At the moment a person drops some money into a startup as a form of investment either at pre-seed, seed or series A, he becomes a partner to that organisation in building and creating change.
Just like every beneficial partnership, the partnership agreement will include details of the capital contribution of each partner, the percentage of ownership, how profits and losses are distributed, the rights and responsibilities of each partner, how disputes will be resolved etc.
In the startup ecosystem, however, there is a lot of uncertainty and unknowns in building a new company. As much as a startup needs investments for growth and scale, it in equal measure needs a venture builder – a person or organisation who is skilled with building businesses, an organisation that can help innovative businesses launch and scale fast – effectively shortening time-to-market and gaining traction way ahead of competitors.
The model is different to traditional venture capital. Venture capital firms as they are not operational organisations. They invest in promising teams and business ideas that meet their criteria. On the other hand, Venture Builders are very involved with the management of the operation
Why VCS should be venture builders by heart.
Venture building and venture capital are two sides of the same coin. While venture capitalists invest in opportunities, venture builders help create those opportunities. While Africa needs these huge financial resources, each funded opportunity has a higher chance of success and returns with a venture builder.
Africa is an emerging market. Currently seen as one of the fastest growing markets in the world, it was recorded that there were about 1100+ investors in 2022, 70% of which were incubators, accelerators, pre-seed and seed investors. It is much harder to raise a larger fund in Africa and even at that, the smaller funds have a large, ripple effect compared to the same investment of that amount made in more mature climes.
In essence, while it is attractive to pour a small amount into Africa and get great returns, venture capitalists must look beyond the business of investing and add additional value to these companies. The world of startups is one where many times the founder is learning on the job – having little background on what works and what doesn’t. The lack of sufficient knowledge makes it harder and slower to reach success. A venture-building approach allows investors to nurture innovation by actively collaborating with startups, providing mentorship, sharing industry knowledge, and helping them navigate challenges. This fosters a culture of continuous learning and growth, vital for long-term success.
It is never enough to just invest, especially in a climate like Africa.
Whereas traditional VCs can contribute their dollars and dash off (if they want to), venture builders have a vested interest in startups and their communities. Generally, Investors should read, learn and understand the ecosystem they are investing in. It not only mitigates the risk of their investment, it creates a mutual understanding between both partners as the investor has a background of investing in startups and what challenges they face. Taking it a step further is venture building. Understanding business models, knowing what can or cannot lead to a drastic change, and having expertise in business development. The most effective investors (effective meaning money that creates visible value) are those who are founders by heart or even ex-founders in real life.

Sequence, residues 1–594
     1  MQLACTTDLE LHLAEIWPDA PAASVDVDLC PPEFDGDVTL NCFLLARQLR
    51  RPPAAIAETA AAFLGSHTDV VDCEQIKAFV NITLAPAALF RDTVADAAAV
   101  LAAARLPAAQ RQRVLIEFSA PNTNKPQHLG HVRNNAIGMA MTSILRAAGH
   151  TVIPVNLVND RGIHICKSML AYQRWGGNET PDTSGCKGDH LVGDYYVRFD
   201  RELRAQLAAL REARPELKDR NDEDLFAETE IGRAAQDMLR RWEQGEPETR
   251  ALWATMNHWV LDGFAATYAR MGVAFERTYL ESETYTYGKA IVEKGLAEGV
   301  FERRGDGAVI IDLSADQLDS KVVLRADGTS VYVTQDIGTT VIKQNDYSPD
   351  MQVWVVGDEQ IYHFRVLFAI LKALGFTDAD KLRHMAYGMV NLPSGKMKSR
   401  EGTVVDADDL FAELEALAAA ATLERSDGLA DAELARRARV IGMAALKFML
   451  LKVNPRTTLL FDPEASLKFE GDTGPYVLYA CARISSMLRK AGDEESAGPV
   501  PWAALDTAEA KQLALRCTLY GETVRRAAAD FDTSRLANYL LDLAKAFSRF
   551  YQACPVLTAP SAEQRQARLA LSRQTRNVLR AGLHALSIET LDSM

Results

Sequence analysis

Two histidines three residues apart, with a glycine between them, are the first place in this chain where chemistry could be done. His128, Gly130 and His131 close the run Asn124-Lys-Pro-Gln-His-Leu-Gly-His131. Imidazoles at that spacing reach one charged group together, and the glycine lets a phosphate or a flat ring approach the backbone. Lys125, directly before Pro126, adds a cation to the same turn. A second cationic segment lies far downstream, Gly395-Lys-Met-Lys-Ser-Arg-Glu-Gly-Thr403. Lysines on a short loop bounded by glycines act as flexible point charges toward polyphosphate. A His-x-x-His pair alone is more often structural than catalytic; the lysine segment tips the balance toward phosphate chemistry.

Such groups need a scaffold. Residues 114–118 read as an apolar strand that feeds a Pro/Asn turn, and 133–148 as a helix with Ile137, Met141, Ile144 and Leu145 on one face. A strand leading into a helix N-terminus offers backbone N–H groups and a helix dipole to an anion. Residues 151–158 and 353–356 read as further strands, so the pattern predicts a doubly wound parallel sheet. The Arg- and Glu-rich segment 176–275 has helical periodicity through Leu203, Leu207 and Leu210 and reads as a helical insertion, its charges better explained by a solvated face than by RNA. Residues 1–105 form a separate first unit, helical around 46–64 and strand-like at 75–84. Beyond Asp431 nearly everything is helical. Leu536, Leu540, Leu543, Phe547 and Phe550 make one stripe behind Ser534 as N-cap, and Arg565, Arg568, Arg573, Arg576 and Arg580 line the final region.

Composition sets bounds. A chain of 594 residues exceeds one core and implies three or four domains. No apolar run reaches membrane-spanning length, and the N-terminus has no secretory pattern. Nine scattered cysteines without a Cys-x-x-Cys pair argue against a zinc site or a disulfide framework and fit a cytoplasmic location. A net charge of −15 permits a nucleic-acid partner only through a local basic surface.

For the investor, it is important that your portfolio generates returns for you and the LPs. Success cannot be left to chance. By being deeply involved in the startups they invest in, venture investors can ensure that the startups are focused on building sustainable, scalable businesses that create long-term value. This approach aligns with the investors’ interests and ensures a profitable and impactful portfolio.
Lastly, the African startup ecosystem needs it. We need more than investors who pump in money. We need venture builders and investors who can lead and guide a company to success. With Africa emerging, the challenges faced by founders are enormous and difficult across the board. Venture investors acting as venture builders contribute to the overall growth of the startup ecosystem. They provide a blueprint for success, attract more investors, encourage knowledge sharing, and help startups mature into industry leaders. This, in turn, boosts the attractiveness of Africa as an investment destination.
Africa is still referred to as Day 1 – meaning it is emerging and there is much work to be done to improve the startup ecosystem. While it is clear that we need more people to invest, Africa also needs more investors who understand the impact of every decision made by that startup. Africa needs more investors who also invest their time to develop the startup. We need more investors who know how to build teams, can identify market opportunities, can develop products, have some legal background, can leverage their network and ultimately contribute to those otherwise seamless details that actually make a startup. Day one for Africa points to the strong need for generalists, who know a lot about the different sides of this coin.
At Nubia Capital, we are more than investors creating a portfolio of African startups. We are partners, and venture builders by heart to all our portfolio companies. We believe in creating the future of the planet through innovation and we are never laid bak in giving much more resources at our disposal to make this happen.